Thousands of miles away in countries across the globe, millions of girls do not have the luxury to ignore their chores like I do. Instead, their families rely on these girls to spend hours of their days collecting water from faraway or unreliable sources.
As we commemorate International Human Rights Day today, I can't help but recall the moment 17 years ago when then-First Lady Hillary Clinton proclaimed, "Women's rights are human rights and human rights are women's rights."
Victims of the various forms of sexual and gender-based violence -- including rape, human trafficking, female genital mutilation, and domestic abuse -- are frequently prevented by societal constraints from seeking safety or justice.
Let's shift the discourse away from 'women vs. women', which sounds like a tawdry Las Vegas boxing match, and move it towards a much deeper conversation about what we need to do to get more women in leadership positions in both the public and private sector and eradicate poverty.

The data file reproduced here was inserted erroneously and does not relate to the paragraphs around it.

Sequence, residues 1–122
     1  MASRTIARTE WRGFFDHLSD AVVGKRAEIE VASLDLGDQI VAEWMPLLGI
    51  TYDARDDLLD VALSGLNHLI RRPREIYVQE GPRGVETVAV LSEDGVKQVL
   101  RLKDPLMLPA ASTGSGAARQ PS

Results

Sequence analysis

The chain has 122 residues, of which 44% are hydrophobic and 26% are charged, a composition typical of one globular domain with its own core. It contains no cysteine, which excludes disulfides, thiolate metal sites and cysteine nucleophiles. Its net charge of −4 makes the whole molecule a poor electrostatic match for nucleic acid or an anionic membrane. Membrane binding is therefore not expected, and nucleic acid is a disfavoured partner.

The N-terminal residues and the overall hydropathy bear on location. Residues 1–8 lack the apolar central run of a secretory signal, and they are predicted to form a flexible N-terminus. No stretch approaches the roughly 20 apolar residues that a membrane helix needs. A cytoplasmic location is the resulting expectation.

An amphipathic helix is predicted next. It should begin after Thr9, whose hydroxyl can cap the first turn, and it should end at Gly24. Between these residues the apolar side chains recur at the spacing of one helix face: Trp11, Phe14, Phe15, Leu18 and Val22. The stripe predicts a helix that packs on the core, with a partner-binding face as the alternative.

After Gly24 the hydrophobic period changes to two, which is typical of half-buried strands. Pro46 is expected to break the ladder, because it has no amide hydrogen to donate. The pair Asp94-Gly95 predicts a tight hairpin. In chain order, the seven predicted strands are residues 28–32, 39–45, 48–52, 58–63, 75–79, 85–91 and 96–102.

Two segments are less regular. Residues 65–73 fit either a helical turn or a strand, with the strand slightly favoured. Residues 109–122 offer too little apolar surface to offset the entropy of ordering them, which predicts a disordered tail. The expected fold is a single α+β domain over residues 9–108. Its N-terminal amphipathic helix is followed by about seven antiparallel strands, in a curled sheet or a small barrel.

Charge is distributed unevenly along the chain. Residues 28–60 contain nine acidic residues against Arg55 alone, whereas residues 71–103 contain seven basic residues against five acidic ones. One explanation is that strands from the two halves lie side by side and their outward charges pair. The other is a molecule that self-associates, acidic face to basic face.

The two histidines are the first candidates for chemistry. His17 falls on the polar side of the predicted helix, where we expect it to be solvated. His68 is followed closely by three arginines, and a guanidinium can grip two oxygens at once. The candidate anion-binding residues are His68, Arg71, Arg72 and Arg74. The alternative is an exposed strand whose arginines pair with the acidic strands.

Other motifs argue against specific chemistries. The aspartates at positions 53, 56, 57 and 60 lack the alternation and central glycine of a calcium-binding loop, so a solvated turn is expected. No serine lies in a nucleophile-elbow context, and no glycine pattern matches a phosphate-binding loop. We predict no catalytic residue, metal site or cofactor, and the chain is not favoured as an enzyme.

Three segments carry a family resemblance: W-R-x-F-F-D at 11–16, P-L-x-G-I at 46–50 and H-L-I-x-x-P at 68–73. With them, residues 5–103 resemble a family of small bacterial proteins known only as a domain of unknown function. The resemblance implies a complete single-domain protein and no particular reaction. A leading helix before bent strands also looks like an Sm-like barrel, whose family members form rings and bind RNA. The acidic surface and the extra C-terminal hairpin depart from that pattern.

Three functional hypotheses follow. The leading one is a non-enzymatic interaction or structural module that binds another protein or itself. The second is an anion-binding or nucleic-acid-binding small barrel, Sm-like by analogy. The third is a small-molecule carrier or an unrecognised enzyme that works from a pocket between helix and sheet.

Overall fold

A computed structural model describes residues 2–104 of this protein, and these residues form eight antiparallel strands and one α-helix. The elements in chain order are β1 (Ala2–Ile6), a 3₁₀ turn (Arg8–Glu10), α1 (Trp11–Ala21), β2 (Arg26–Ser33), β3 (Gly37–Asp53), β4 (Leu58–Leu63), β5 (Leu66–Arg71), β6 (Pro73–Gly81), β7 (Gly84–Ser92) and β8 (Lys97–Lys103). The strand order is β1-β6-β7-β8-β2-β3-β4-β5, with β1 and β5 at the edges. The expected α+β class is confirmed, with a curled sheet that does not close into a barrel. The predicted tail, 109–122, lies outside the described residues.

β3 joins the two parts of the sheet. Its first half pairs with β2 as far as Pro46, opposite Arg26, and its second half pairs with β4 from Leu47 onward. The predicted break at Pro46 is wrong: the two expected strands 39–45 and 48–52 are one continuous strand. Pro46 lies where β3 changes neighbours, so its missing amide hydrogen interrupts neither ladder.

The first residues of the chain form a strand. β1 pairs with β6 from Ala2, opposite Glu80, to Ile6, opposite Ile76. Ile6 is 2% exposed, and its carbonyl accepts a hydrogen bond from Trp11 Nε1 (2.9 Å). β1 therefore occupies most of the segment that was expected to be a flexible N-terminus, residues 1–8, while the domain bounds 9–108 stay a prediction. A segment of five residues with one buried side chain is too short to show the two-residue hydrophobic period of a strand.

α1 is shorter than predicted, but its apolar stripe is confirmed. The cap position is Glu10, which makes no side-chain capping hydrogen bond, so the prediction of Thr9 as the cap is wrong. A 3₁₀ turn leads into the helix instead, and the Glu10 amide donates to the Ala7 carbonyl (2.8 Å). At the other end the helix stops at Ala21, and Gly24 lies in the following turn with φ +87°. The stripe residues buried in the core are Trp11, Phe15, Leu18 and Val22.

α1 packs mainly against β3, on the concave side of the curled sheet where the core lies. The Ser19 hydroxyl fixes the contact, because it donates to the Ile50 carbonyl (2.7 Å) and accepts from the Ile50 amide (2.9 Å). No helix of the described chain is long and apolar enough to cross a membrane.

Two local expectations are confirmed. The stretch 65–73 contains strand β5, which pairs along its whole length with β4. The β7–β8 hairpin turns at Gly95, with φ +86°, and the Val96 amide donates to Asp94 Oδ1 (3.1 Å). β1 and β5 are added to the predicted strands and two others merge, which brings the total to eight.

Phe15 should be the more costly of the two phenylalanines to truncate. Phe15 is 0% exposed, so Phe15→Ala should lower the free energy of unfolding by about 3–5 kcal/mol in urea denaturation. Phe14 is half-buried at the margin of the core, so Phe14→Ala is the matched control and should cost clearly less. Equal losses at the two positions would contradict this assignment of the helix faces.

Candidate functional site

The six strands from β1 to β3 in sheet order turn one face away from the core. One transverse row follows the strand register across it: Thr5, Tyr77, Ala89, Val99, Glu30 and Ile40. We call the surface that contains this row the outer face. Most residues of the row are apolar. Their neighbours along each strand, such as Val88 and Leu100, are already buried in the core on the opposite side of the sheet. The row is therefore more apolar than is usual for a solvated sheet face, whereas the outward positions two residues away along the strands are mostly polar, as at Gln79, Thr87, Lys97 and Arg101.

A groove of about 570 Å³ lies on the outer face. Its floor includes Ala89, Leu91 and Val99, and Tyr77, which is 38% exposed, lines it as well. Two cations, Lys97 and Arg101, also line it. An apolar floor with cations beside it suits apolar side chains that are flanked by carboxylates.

By stating in no uncertain terms that women deserve equal treatment because of their inalienable, integral and indivisible rights, Clinton will solidify her record as one of the most influential advocates for gender equality the world has ever seen.
Prince Abdul Ali Seraj accepted the candidacy for President of Afghanistan only to later abandon his bid to favor of Karzai. This endorsement reportedly resulted from Karzai's pledge to help Ali's constituents.